Supreme Court Justice Antonin Scalia, the leader of the court’s conservative wing and an intellectual powerhouse, died on Feb. 13 at age 79, sending shock waves through the legal and political spheres. Scalia was the longest serving member of the current court. He appeared to have died from natural causes at a West Texas resort, according to reports.
“I don’t think there’s much doubt he was the dominant figure on the court,” said former Circuit Judge Michael McConnell, who had Scalia as a professor in law school and later argued at least eight cases before him at the Supreme Court. “It’s a very sad day for the country and for me personally.”
“It’s such a shock,” said Hadley Arkes, a political science professor at Amherst College and a friend of Scalia’s.
Implications for the court
For this court term alone, Scalia’s death will have massive implications for the outcome of cases concerning religious liberty and abortion. And it comes in the midst of an already volcanic presidential campaign. Saturday night, Senate Republican leadership said in a statement that the spot should remain vacant until the next president is elected, ending speculation that the Republican Senate might approve a nominee from President Barack Obama.
The last justice to die while sitting on the court was Chief Justice William Rehnquist in 2005. But Chief Justice John Roberts replaced Rehnquist on the court only three weeks after Rehnquist’s death. This vacancy is likely to remain for months, given Republican opposition to another Obama nominee.
The high court will continue to decide cases with eight justices instead of nine. If the vote on a case is tied, the lower court ruling in that case will stand, but without imposing a national precedent. The cases this term where the court has already held arguments but hasn’t issued a ruling will be decided on eight votes.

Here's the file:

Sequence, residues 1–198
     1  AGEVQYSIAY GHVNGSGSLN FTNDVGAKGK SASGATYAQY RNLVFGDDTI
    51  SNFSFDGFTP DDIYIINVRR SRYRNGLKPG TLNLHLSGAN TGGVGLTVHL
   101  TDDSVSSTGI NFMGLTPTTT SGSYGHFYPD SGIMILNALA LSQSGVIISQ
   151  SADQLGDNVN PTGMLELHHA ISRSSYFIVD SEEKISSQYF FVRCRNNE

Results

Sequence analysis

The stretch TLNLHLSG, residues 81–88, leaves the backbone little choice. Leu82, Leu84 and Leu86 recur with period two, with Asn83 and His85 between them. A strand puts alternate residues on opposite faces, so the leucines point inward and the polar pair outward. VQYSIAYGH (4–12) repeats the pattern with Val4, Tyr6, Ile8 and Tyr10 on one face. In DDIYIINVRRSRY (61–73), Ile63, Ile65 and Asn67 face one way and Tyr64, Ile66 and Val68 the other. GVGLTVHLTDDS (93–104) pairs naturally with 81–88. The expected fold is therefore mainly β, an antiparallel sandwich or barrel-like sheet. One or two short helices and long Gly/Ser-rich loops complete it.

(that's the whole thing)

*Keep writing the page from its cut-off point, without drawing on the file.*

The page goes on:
Scalia was a devout Catholic and had nine children with his wife of more than 50 years, Maureen McCarthy. He worked for President Richard Nixon’s Office of Legal Counsel. President Ronald Reagan appointed him in 1982 to the D.C. Circuit Court of Appeals, then to the Supreme Court in 1986. The Senate confirmed Scalia 98-0.
“That was a different world,” McConnell said.
Chief among Scalia’s achievements was bringing “originalism,” a commitment to the historical intent of the U.S. Constitution, into mainstream jurisprudence. That commitment led him to make some unexpected rulings for a conservative justice, notably on the side of criminal defendants.
“There’s not an area of constitutional law where he did not make an impact,” McConnell said. “That isn’t to say he prevailed in all those areas, but he contributed to thinking about them.”
Scalia’s biggest rulings affirmed the rights to bear arms, free speech, and free exercise and the separation-of-powers doctrine. He was strongly pro-life, although his free-exercise ruling in Employment Division v. Smith, which concerned the use of the drug peyote in Native American religious rituals, was troubling enough to religious freedom advocates that Congress passed the Religious Freedom Restoration Act in response.
Opinions and dissents